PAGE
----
Autumn breezes fortified for an abundance of winters to come

QAGOMA conservators collaborated with specialist East Asian Art Conservator Jennifer Loubser to assess the conservation repairs necessary to stabilise an unusual 8-panel Japanese folding screen, Scenes from Genji Monogatari to allow its safe handling and display – in assessing the condition of the work when it came into the Collection it was found that hundreds…

Conserving Japanese Scrolls

Emily Wakeling continues her conversation with Kim Barrett, Conservator, Works on Paper with a focus on displaying and caring for Japanese Scrolls. The exhibition ‘A fleeting bloom’ at the Queensland Art Gallery (QAG) includes a number of hanging scrolls, and we prepared these delicate works for display. Japanese scrolls are long works on paper that…

Under a flowering cherry tree

The exhibition ‘A fleeting bloom’ focuses on the moments of distinct and transient beauty found in the portrayals of nature, history and spirituality in Japanese art. This display of historic works features screens gifted from the James Fairfax AC Bequest 2018. The wide planes of folding screens (byōbu) – a painting format at its peak…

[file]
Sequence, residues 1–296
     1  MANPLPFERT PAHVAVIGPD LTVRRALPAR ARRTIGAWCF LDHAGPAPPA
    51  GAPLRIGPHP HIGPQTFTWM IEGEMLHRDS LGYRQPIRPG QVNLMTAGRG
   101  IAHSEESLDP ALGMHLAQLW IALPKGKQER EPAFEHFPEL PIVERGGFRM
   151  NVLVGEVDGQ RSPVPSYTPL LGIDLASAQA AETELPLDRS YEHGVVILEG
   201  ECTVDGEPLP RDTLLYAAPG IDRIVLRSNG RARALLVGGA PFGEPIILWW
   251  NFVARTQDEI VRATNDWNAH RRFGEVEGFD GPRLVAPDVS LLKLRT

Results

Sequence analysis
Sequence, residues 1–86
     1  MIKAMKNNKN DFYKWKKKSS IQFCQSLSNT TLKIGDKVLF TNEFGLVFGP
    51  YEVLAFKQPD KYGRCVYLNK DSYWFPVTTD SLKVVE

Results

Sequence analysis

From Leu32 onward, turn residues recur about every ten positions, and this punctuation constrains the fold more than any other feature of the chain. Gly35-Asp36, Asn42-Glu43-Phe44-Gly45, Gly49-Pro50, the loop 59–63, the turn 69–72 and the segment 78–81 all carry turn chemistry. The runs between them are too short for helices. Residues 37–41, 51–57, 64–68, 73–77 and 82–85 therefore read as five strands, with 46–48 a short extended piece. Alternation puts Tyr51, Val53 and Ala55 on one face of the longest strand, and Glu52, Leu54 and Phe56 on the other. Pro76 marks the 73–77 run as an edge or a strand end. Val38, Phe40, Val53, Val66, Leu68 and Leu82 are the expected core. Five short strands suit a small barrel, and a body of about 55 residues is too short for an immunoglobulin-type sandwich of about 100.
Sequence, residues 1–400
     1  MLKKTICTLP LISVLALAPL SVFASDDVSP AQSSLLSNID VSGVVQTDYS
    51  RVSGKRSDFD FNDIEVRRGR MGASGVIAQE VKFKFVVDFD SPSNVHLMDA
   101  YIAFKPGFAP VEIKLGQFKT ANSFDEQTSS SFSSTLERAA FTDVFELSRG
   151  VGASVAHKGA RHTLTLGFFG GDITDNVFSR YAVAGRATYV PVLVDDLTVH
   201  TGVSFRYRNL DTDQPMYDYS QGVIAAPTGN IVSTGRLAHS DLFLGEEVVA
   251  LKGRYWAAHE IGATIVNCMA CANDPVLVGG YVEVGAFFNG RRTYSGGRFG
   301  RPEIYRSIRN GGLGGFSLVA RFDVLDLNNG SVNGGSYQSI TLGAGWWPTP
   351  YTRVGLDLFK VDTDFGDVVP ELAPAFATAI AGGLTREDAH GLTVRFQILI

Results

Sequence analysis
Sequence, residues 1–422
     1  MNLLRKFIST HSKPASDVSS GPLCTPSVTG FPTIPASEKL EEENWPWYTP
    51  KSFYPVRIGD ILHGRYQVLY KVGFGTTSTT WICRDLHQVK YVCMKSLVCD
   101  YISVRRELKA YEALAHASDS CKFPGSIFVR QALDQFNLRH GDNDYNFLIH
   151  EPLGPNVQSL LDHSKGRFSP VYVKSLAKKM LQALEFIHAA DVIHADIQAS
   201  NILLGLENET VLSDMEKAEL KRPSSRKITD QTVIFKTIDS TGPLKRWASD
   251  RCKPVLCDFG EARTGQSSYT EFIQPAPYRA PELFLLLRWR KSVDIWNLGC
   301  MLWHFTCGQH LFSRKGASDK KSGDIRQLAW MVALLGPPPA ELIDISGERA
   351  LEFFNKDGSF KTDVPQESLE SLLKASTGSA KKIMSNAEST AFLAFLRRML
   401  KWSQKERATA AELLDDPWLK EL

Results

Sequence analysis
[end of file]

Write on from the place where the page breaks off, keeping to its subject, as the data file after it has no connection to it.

Installing Aisha Khalid’s steel and gold-plated pin tapestry

Pakistani artist Aisha Khalid’s site-specific triptych Water has never feared the fire is a set of hanging textiles embedded with millions of long, steel and gold-plated pins commissioned for ‘The 9th Asia Pacific Triennial of Contemporary Art’ (APT9). This remarkable sculptural textile presented unique unpacking and documenting challenges upon its arrival at the Gallery. Emily Gray takes us behind-the-scenes…

Conserving Japanese folding screens

‘A fleeting bloom: Japanese Art from the Collection’ is the debut exhibition for a number of historical folding screens that recently entered the QAGOMA Collection as part of the James Fairfax AC Bequest. The Curatorial team for Asian art worked closely with Conservation staff on this project and Emily Wakeling recently met behind-the-scenes with Kim…

Delve into the secrets of ‘A busy corner of the Brisbane River’

George Wishart worked as a professional photographer and was taught painting by Isaac Walter Jenner, Brisbane’s foremost marine painter. He mainly painted scenes of Moreton Bay and the Brisbane River. When A busy corner of the Brisbane River 1897 was first exhibited at the Queensland International Exhibition in 1897, it was highly praised as ‘decidedly one of…